A quarter of over-65s say they feel they gave up their careers too soon according to a nationwide survey of retirees by leading home care provider Home Instead Senior Care.
Mature Times reports that the average retirement age of those polled was found to be 62, yet the average respondent said they would have happily continued working for another seven years.
Retired to disappointment
In fact, a fifth of those surveyed revealed that they felt deeply disappointed by their retirement. Some of the reasons for this were highlighted in the survey data, with 25 percent admitting to having no real routine in their day-to-day lives and a third saying they felt they have lost their purpose in life as a result of retiring.
And 26 percent of retired Brits are plagued by loneliness, whilst some 23 percent say they are suffering from depression.
The study also found that some of the reasons for disappointment are because dreams of retirement are often not realised. This is certainly quite a widespread issue, with a sizeable one in three (33 percent) of British retirees admitting to having had grand dreams for their retirement that haven’t worked out.
Big retirement dreams
Some of these dreams that have gone unfulfilled include a quarter (24 percent) of retired Brits who thought they would have travelled more, 13 percent who anticipated spending more time with their extended family but haven’t done, and 11 percent who had hoped to catch up with friends more but haven’t.
Interestingly, nearly one in 10 (9 percent) had planned on going on a round-the-world cruise that then never transpired, and seven percent wanted to learn a new language, but have never ended up doing it.
Missing the work place
When asked what they missed most about the world of work, almost half (45 percent) said it was spending time with their colleagues, for 39 percent it was the monthly salary and 32 percent yearned to have an active mind again. Nearly a third indicated that they missed workplace banter the most (31 percent).
Five percent of over 65s say they simply miss having somewhere to get away from their other half, and a thirsty four percent wish they could still go for after work drinks.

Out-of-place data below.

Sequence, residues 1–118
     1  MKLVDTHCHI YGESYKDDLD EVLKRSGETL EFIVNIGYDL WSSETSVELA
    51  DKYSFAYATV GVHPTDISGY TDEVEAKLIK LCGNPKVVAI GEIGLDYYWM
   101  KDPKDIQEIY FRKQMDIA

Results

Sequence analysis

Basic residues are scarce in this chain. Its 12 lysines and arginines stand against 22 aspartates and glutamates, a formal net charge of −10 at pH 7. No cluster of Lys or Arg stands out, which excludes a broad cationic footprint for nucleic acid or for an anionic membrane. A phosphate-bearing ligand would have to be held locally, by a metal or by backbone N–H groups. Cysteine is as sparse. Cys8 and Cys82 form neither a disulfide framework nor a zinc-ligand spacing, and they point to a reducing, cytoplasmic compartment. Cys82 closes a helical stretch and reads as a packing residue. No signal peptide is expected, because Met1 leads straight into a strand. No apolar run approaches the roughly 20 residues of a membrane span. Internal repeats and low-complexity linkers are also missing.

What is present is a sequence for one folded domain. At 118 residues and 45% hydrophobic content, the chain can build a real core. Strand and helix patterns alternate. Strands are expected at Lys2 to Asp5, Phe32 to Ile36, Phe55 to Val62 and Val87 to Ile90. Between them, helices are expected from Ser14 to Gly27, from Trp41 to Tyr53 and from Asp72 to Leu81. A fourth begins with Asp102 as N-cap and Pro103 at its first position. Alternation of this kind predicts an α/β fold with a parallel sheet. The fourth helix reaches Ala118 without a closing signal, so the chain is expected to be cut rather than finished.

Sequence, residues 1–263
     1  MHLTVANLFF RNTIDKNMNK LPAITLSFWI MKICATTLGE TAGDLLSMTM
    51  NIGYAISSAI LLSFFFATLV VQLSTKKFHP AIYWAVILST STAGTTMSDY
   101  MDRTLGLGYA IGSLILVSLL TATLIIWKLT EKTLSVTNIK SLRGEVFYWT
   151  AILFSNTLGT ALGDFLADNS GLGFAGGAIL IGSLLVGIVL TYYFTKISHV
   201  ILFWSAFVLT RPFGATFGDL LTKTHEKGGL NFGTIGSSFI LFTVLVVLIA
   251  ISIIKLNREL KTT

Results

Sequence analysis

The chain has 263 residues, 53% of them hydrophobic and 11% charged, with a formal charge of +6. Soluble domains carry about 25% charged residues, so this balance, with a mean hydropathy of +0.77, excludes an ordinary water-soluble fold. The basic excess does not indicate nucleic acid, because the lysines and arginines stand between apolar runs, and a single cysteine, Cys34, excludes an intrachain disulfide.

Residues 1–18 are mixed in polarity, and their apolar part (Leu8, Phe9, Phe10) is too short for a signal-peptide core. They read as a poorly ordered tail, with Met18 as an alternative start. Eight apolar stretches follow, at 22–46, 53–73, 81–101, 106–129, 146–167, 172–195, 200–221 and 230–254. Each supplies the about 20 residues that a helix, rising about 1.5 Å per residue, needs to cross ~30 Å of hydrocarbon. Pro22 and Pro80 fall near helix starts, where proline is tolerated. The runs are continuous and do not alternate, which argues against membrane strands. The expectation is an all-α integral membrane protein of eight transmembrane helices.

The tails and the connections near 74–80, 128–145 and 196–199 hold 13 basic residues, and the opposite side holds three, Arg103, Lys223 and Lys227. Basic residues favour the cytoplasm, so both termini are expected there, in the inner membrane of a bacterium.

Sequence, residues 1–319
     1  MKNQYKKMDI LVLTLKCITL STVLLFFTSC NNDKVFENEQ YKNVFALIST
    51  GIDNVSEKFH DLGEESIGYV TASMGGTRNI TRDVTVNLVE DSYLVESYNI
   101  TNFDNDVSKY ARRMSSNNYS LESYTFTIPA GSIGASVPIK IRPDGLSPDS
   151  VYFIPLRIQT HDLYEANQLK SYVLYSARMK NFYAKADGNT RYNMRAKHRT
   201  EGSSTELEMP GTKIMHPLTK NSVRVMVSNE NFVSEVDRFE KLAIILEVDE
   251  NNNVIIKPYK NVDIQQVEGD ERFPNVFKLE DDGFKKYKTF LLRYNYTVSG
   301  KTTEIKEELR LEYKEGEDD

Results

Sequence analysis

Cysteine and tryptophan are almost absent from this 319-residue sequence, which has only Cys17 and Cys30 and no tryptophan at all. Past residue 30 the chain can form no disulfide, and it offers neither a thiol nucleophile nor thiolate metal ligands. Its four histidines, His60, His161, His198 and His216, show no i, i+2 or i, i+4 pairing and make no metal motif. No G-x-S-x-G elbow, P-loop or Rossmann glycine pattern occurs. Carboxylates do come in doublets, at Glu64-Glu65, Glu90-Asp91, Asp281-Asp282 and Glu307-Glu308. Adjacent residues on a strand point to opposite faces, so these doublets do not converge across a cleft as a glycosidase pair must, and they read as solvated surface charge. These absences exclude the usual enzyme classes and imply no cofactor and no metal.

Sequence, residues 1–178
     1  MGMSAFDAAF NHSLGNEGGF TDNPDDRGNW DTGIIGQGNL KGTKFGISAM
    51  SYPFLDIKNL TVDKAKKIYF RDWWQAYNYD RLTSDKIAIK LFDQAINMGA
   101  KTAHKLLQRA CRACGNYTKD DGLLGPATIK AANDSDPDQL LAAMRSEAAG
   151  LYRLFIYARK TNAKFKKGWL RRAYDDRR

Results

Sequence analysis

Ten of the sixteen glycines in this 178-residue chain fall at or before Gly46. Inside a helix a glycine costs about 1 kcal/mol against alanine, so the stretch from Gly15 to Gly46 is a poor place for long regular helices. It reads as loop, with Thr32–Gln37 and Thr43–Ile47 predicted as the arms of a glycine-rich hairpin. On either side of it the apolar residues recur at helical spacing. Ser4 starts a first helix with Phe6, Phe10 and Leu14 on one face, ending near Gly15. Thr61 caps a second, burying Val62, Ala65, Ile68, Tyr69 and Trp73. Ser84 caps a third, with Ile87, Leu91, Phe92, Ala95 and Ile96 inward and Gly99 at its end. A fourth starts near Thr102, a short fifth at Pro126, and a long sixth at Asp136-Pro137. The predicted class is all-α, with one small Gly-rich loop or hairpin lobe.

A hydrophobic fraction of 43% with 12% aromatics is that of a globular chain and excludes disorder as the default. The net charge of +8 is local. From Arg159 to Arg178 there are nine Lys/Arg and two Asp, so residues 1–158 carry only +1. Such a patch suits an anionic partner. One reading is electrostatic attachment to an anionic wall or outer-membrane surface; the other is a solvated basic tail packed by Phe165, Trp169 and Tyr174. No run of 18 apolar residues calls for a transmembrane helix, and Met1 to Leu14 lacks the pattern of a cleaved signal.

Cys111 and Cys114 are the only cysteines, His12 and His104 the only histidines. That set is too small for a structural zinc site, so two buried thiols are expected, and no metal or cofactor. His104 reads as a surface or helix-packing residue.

And more than one in ten (13 percent) admit to feeling like they have lost a part of themselves after leaving their careers.
The desire to still have a form of work to take part in was also highlighted with more than a third (37 percent) of retired Brits indicating that they believe it’s important to have something like part-time work or a hobby after retiring.
In fact over half of the retirees polled (52 percent) said that they found working fun and that they missed it and 52 percent also agreed that one of the problems with not working is that they miss being around people. A huge 60 percent also agreed with the statement that work is good for mental health.
Martin Jones, the CEO of Home Instead Senior Care said of the research: ‘This is an extremely interesting piece of research that lifts the lid on retirement and how over 65s feel about life as a retiree. It is significant that a large portion of those who were surveyed felt that they could have carried on working beyond the age at which they retired. It is interesting too that so many people said they missed the “fun” of work and the companionship aspect of it. At Home Instead, we have a large number of caregivers in their 60’s, 70’s and 80’s who particularly enjoy the companionship the role offers, as well as a sense of purpose and fulfilment it brings looking after people who may be lonely and need some extra support at home.’
Lack of support for retirees
Retirement also seems to be a problem area for some companies with four in 10 (41 percent) over-65s believing they did not get enough support when transitioning into their retirement, with only 16 percent saying their employer helped them during this time, and a third claiming their boss gave them no support at all.
The data also uncovered a list of challenges that prevent retired people from re-entering the work place. For 34 percent their health failing is the number one reason why going back to work would be a struggle, while 30 percent think it would be hard to fit in. Almost a quarter (24 percent) say they would find it hard to keep up with the pace of the work, and 22 percent simply believe no one would hire them.
(Story source: Mature Times)